The sciences, especially engineering, are not necessarily incompatible with the aims of liberal pedagogy, however. As early as the 1970s, when engineering education still remained a relatively new phenomenon, Polytechnic Institute of New York University professor George Bugliarello proposed the integration of engineering into liberal education, and vice versa. Skills often associated with engineering, such as problem-solving or analysis, could prove useful in broadening the mind of the liberally educated students as they analyze the classics of humanities. Likewise, engineering majors would find it beneficial to integrate a liberal education to sharpen those skills they would otherwise be deficient in, such as learning how to cope with uncertainty [7]. In a world where technical knowledge (like computer programming methods) quickly become obsolete, it is important that professionals be able to adapt to changing industries and learn new skills. Indeed, a survey conducted over a decade ago in the US revealed that while college-bound students and parents valued primarily the short-term outcome of getting a job, employers were much more likely to value the long-term benefits of higher education, including flexibility and a continued capacity for learning [8].

Although incorporating enough science and engineering into a liberal education would diversify a student’s knowledge and abilities, actually putting such a curriculum into practice remains difficult. Professional schools remain reluctant to introduce their students to the moral and ethical debates of the day; this is especially true in religiously affiliated schools, where scholars maintain a delicate balance between religious doctrine and scientific inquiry. Moreover, considerable barriers between disparate fields, like the humanities and sciences, make it difficult to establish connections across the various disciplines [2].

Only eight percent of colleges enrolling four percent of students in the United States offer a liberal education. Robert Schoenberg of the Association of American Colleges and Universities suggests that this reflects some discord with the rest of academia, and maybe it even forces such schools to defend their own curricula [3]. But if liberal education advocates open-mindedness and critical thinking, then the current debate on the merits of liberal education may very well be a part of liberal education itself. Thus, as universities around the nation continue their struggle to balance the demands and influences of specialized and liberal education, students engage in liberal learning itself, and the struggle to reintroduce liberal education becomes self-fulfilling.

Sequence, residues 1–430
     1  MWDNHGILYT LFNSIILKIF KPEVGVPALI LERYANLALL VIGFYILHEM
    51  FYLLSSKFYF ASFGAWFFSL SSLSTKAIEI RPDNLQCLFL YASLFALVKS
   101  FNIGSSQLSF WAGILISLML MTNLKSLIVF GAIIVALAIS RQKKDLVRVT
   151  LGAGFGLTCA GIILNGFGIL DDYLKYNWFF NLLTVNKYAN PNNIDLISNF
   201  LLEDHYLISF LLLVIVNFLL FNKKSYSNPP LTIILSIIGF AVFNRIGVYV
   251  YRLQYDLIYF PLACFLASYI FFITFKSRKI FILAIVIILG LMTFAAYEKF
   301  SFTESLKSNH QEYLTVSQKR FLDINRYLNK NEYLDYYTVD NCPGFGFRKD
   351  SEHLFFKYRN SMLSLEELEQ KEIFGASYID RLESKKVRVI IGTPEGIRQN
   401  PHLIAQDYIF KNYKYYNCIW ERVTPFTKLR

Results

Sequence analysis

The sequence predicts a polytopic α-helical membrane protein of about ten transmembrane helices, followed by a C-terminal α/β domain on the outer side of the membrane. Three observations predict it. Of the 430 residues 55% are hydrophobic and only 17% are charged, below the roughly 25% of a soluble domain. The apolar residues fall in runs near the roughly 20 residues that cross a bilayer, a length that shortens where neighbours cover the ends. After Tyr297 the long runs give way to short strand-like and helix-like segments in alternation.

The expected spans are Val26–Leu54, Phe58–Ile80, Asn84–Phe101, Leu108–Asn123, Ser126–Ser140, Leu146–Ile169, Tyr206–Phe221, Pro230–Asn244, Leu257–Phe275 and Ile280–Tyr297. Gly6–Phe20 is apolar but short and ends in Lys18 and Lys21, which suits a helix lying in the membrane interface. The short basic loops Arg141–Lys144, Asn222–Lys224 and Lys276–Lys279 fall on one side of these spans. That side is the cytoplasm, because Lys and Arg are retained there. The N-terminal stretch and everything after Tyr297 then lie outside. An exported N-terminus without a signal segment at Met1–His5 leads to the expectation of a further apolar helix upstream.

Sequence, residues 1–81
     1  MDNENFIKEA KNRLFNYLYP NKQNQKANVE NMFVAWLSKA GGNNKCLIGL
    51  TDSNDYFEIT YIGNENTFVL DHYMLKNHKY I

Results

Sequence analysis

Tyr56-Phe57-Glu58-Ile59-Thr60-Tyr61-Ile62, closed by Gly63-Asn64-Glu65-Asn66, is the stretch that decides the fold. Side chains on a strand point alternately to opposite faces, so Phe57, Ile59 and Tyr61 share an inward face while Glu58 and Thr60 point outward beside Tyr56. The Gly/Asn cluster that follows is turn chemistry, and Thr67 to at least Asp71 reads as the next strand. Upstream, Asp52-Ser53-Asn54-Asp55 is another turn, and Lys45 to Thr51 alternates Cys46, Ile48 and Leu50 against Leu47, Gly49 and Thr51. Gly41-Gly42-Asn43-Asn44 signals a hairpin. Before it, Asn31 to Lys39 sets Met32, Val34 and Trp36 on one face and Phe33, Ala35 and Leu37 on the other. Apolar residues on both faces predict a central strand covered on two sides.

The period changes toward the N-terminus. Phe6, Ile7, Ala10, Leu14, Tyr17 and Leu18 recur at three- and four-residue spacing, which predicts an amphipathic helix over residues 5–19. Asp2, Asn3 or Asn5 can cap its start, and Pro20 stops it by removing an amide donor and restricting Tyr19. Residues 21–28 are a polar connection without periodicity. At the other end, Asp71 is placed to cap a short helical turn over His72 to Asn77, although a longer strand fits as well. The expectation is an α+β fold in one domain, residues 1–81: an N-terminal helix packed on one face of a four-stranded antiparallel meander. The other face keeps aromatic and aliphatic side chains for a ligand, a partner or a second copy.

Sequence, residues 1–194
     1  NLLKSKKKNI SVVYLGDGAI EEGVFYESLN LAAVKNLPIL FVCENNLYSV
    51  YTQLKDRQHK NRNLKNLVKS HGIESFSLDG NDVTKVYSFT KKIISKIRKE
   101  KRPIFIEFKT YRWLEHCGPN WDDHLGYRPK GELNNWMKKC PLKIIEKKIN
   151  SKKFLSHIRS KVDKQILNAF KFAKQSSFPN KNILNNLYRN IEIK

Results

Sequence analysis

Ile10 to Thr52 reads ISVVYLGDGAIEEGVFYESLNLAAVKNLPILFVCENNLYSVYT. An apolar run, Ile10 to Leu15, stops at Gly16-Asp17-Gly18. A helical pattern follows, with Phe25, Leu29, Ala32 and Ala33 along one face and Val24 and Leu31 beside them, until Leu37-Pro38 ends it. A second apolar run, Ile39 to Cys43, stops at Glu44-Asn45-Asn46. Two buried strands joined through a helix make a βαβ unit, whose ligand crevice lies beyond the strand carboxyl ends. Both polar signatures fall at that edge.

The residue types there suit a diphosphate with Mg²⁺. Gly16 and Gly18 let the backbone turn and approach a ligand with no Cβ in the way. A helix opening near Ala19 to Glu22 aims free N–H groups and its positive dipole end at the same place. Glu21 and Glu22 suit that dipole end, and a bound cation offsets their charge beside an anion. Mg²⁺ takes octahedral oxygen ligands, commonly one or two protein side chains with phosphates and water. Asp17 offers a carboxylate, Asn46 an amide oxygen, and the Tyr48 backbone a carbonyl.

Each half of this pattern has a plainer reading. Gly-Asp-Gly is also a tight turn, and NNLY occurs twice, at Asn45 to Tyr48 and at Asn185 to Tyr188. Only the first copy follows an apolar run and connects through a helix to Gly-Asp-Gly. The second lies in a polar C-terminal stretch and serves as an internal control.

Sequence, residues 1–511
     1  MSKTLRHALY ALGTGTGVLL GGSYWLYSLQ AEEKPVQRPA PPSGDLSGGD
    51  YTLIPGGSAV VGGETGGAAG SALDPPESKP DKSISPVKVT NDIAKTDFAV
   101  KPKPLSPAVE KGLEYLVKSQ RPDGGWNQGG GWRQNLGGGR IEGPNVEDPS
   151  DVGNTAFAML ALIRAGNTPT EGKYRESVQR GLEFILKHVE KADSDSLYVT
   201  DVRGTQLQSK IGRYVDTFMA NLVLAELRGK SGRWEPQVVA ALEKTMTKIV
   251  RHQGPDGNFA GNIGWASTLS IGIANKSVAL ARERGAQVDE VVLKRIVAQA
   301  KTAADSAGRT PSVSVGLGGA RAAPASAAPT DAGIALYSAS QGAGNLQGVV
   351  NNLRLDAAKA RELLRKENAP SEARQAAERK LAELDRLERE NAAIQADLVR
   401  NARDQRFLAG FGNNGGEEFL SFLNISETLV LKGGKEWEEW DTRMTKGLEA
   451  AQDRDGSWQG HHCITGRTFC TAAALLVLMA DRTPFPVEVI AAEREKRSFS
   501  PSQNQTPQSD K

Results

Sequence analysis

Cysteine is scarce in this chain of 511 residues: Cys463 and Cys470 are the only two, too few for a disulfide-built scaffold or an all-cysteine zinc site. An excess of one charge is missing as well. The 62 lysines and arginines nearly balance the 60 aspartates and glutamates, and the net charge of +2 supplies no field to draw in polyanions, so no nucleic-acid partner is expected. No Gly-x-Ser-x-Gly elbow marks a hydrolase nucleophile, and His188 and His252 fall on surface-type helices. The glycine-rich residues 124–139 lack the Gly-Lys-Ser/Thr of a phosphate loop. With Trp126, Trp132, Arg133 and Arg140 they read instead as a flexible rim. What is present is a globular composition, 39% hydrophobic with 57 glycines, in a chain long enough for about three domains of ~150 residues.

1. Whaley T. Matthew Arnold and Thomas Huxley: The Value of Science and Literature for a Liberal Education. Chicago: University of Chicago; 1985. p. 1-5.
  2. Fong B. Looking Forward: Liberal Education in the 21st Century. Liberal Education. 2004 Winter;90 (1):8-13.
  3. Schoenberg R. How Not to Defend Liberal Arts Colleges. Liberal Education. 2009 Winter; 95 (1):56-59.
  4. Project on Liberal Education and the Sciences. The Liberal Art of Science: Agenda for Action. Washington, D.C.: American Association for the Advancement of Science; 1990. p. xi.
  5. Schilling KL. Assessing Models of Liberal Education: An Empirical Comparison. Oxford, Ohio: Miami University; 1991.
  6. Nussbaum M. Tagore, Dewey, and the Imminent Demise of a Liberal Education. In: Warren K, editor. Reflections on Democracy and Education. Chicago: University of Chicago; 2010. p. 3-7.
  7. Bugliarello G. The New Phase in Engineering Education: Engineering and the New Liberal Education. Engineering Education. 1973 Feb; 63 (5):331-4.
  8. Axelrod P, Anisef P, and Lin Z. Against All Odds? The Enduring Value of Liberal Education in Universities, Professions, and the Labour Market. The Canadian Journal of Higher Education. 2001; 31 (2):47-77.
  9. Image credit: Argonne National Laboratory. Flickr; [Taken 2005 Feb 24; Cited 2011 Mar 15] Available from: [Licensed under CC BY-SA]

Edgar Pal is a first-year majoring in economics and public policy at the University of Chicago.